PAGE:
The primary thrust of the Office of the Governor’s submission before Lord Justice Sir Alan Moses was that the trove of documents connected to Operation Tempura contains material defamatory of the Cayman judiciary.
We would note that no one is better positioned to seek redress, or financial restitution based on damages, than our sitting bench if indeed jurists have been defamed. An important unknown is who exactly uttered the defamatory remarks? Were they made by ordinary citizens or by highly placed public officials? If it were the latter, release of their identities could prove embarrassing indeed.
The governor’s position is ironic because U.K. officials, despite dispensing high praise in public, historically have demonstrated what appears to be a deep distrust of Cayman’s judges.
Remember, U.K. investigators unlawfully arrested Justice Alexander Henderson in September 2008 and searched his home and office. At least one other judge, we are reliably told, was also in the sights of Tempura operatives.
We at the Caymanian Compass have high regard for our chief justice and his learned colleagues, and we can only speculate why the U.K. does not appear to share that regard. Might it be that our judges are independent and beyond the U.K.’s political influence and control?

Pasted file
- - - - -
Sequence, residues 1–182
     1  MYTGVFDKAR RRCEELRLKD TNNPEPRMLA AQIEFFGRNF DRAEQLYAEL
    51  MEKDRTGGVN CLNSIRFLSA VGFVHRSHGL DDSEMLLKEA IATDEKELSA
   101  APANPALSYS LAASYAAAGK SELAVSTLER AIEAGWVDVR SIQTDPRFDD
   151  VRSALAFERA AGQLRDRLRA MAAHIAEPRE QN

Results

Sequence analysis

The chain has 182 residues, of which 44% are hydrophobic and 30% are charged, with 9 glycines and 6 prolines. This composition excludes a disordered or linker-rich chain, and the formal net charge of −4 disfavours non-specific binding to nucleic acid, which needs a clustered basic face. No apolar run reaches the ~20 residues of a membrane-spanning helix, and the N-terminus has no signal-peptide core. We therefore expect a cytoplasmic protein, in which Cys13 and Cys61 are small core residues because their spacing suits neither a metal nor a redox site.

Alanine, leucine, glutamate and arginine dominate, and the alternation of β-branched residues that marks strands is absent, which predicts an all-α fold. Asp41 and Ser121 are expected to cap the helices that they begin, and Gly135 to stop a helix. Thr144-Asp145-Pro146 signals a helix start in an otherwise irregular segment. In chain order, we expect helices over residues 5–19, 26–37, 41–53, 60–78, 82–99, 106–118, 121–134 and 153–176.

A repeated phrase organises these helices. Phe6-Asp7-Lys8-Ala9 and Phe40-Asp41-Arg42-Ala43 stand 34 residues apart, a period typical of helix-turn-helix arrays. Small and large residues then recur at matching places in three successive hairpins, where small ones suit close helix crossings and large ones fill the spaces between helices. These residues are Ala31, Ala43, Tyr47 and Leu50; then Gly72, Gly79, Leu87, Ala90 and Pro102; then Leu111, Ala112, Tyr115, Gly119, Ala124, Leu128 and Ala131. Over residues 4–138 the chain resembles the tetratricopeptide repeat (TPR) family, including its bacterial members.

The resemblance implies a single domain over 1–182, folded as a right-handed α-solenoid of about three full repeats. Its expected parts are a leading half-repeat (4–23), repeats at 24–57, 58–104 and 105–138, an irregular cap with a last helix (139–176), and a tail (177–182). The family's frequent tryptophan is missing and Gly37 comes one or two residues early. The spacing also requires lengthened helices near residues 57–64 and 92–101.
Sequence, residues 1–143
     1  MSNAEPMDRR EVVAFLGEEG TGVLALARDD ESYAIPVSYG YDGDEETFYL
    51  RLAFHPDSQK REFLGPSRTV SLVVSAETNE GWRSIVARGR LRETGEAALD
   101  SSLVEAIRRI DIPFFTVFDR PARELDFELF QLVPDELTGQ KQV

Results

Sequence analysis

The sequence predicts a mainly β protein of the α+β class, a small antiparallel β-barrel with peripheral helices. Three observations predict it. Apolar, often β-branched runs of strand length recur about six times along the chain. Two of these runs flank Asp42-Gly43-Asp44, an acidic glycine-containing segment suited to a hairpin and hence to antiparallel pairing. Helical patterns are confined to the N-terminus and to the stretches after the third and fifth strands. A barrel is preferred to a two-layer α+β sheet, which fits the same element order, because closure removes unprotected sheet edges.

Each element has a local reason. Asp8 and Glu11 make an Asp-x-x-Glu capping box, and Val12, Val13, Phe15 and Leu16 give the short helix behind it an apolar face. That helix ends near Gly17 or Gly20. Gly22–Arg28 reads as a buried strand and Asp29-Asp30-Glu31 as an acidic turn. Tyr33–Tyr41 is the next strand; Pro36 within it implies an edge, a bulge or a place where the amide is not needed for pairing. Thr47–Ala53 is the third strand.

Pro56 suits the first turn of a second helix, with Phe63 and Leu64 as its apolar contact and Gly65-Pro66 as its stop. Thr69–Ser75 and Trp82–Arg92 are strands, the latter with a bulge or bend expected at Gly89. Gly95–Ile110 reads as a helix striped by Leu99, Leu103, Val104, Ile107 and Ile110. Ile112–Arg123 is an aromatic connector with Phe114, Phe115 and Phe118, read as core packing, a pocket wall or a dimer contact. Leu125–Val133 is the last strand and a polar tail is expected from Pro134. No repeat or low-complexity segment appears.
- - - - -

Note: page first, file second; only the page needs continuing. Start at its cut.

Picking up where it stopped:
Consider Overseas Territories Minister Mark Simmonds’s remarks during his visit this week that the U.K. has no intention of including Cayman judges in the process for approving police wiretapping warrants (now controlled by the U.K.-appointed governor and U.K.-appointed police commissioner).
While it may be facile to couch the current FOI dispute in terms of the local heroine (Information Commissioner Jennifer Dilbert) versus the British interlopers (Gov. Helen Kilpatrick and the Foreign and Commonwealth Office), that is not a helpful representation of the Tempura issues.
In last week’s judicial review, Justice Moses sided Solomonically with Ms Dilbert by denying the governor’s argument that the presence of defamatory material should preclude disclosure of the documents while at the same time pointing the governor toward another potential escape route — a separate exemption for documents that may “prejudice the conduct of public affairs.”
Certainly his ruling has not hastened the publication of the materials.
Quite the opposite. More protracted litigation and appeals appear certain to follow.
Already gone from Cayman are Gov. Stuart Jack, who launched Operation Tempura, and Gov. Duncan Taylor, who challenged Ms Dilbert’s decision in court. The information commissioner herself has already announced her retirement within the year. The way things are going, the Tempura case likely will not be concluded during Ms Dilbert’s tenure and possibly not during the term of new Gov. Kilpatrick either.
Meanwhile, waiting in the wings, is the unsettled wrongful dismissal suit of former Police Commissioner Stuart Kernohan.
The key question following Justice Moses’s ruling is not the simplistic “Who won?” or “Who lost?” but what is the U.K. hiding? What possibly could have taken place during Operation Tempura that was so horrible that the U.K. would expend so much time, effort and expense to suppress it?